The Dealio: The back story: Teenager Peter Parker, (Garfield), is the  son of a pair of remarkably gifted parents who...just disappear one day, leaving him in the care of Aunt May (Field) and Uncle Ben (Sheen, aging with the help of a wardrobe of rugs that would turn Shatner green with envy). After the obligatory spider bite, he discovers a lot about both himself and his parents, before embarking on a one man crusade to right wrongs. Into this tsunami of change and revelation wanders Gwen Stacy (Stone), a fellow student at their high school, who has been on Parker's radar as a  sort of impossible crush for quite a while. Against the backdrop of the standard superhero exposition comes a wisp of fresh air in the form of life as a teenager coping, not only with high school life as one of the disenfranchised: the brainy nerd who snaps photos for the school paper, but is still the butt of scorn and ridicule from the king-jocks. Like being a teenager isn't enough of a challenge, right? And, then, he begins to exhibit some very impressive physical capabilities. As we fly (sorry, had to be done) towards the climactic cross-town web-swing-a-thon, we are left with several strands of plot we want to see resolved: will he thwart the grandiose and malignant machinations of the evil Lizard? Will he find out what happened to his dad and mom? Will he ever figure out what branzino is? And, most importantly of all: will he get the girl?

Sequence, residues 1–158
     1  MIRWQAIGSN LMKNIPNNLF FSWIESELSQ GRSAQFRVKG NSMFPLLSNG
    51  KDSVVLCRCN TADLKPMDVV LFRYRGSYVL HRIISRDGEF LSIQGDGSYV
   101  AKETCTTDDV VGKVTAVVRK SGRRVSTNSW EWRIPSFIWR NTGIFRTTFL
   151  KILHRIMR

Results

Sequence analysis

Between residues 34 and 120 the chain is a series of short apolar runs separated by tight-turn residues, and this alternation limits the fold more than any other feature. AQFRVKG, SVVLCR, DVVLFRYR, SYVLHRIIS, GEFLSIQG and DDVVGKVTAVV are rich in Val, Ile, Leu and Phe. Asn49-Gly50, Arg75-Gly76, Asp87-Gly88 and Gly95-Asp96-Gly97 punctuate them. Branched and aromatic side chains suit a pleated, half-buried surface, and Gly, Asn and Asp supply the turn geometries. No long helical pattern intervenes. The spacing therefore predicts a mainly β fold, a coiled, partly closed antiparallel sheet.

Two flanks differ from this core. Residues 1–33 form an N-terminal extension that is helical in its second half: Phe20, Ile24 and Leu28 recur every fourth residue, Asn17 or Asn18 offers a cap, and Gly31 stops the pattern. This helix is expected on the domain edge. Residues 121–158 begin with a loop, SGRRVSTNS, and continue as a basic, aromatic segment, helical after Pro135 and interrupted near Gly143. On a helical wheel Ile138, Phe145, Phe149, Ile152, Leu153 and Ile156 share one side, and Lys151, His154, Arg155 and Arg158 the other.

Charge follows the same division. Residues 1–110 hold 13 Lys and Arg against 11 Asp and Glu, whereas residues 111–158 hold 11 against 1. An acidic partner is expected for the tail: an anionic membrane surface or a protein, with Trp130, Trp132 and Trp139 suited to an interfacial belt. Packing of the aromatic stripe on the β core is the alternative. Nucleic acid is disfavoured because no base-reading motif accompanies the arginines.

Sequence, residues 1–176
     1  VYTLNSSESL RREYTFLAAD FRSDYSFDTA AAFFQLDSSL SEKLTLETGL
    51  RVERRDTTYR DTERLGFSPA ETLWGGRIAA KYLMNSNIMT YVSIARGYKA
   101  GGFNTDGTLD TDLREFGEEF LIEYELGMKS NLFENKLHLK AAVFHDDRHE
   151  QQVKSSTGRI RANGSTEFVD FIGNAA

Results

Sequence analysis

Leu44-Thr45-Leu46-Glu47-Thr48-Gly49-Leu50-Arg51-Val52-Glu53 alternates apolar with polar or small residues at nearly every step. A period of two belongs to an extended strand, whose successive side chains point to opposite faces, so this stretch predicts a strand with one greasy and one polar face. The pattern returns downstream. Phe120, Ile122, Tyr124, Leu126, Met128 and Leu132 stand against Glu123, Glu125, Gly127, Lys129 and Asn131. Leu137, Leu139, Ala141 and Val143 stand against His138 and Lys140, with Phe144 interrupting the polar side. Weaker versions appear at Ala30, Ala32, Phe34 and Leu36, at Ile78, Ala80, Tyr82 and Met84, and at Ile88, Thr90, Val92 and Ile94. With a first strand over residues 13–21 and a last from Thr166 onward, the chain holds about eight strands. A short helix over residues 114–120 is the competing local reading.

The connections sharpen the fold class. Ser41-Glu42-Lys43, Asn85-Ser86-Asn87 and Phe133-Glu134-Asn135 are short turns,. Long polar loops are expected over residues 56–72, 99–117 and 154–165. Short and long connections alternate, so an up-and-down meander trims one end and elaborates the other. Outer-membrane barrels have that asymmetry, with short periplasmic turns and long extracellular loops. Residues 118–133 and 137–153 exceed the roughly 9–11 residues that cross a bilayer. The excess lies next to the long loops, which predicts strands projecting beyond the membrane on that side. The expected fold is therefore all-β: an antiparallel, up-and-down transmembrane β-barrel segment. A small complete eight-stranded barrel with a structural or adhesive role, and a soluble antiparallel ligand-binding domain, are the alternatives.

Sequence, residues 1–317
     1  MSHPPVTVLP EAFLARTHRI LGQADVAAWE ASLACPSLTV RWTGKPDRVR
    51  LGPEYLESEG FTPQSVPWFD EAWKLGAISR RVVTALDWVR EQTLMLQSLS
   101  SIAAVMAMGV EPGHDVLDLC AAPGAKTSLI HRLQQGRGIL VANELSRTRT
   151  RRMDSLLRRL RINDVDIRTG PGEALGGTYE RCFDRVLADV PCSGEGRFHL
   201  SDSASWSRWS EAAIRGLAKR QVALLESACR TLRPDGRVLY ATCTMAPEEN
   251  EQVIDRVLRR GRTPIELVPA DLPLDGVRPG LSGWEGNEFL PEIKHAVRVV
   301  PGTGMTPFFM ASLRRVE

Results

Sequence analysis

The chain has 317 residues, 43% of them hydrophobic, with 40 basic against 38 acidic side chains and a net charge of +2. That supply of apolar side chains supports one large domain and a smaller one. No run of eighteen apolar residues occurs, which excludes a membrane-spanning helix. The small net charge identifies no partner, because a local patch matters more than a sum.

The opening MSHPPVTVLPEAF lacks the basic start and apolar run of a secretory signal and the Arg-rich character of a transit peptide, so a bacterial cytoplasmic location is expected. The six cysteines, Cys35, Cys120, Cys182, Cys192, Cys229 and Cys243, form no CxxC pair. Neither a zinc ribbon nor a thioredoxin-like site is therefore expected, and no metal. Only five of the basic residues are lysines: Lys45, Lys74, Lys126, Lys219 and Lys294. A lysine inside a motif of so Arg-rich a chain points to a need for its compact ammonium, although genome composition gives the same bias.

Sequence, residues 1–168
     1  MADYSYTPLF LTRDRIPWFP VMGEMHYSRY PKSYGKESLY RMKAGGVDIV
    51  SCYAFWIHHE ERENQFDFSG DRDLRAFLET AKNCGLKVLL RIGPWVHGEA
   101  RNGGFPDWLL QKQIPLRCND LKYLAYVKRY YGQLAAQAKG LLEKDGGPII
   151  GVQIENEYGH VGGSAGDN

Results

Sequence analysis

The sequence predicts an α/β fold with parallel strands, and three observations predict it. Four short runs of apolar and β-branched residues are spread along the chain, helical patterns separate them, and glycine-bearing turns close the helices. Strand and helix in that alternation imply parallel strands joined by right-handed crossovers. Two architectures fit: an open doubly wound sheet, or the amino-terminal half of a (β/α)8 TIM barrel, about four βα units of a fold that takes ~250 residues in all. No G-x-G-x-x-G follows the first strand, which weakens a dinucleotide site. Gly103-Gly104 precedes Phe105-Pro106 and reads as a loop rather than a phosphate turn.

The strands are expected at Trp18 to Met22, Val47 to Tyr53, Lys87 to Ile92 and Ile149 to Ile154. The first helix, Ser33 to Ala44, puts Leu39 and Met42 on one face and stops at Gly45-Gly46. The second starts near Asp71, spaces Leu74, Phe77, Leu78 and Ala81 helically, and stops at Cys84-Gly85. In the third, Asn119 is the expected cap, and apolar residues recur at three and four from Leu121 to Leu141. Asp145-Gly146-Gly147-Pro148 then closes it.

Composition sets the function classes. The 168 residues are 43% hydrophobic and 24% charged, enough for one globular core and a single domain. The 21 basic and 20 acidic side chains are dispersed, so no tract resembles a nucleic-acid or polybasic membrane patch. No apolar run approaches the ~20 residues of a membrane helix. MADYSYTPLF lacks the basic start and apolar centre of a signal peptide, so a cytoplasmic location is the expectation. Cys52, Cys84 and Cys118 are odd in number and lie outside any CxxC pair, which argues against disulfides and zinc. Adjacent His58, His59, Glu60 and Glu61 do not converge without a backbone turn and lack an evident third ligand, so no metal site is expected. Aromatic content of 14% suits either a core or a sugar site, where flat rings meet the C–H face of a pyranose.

The Grading Session: 4.91 pengies out of 5. I know, I know: why all the pengies? Well, I deliberately put off seeing this flick for a week or so, because I wasn't sure I wanted- or needed- a new Spiderman. Well, I did. Just didn't know it yet. I was especially impressed with the terrific chem between all the leads. I loved that there was a grounding in the science- as well as the violence- that led to Parker being sans parents. I appreciated the way he not only fully embraced his nerd-dom, but also used it as a springboard to place himself into the path of people who may have some 411 on his parents and their work. And, I vastly  admired the effort to make this a story told with emotion, ebullience (yep, I said it) and spirit, in a world that was not always, unremittingly, sepia-toned and dark, drear and dank. Even our villain was buffeted by  the wind-sheers of conscience, self-interest and megalomania.  This was a really well-balanced and engaging entry into the super-hero genre. Welcome, Amazing Spidey! Glad to meetcha.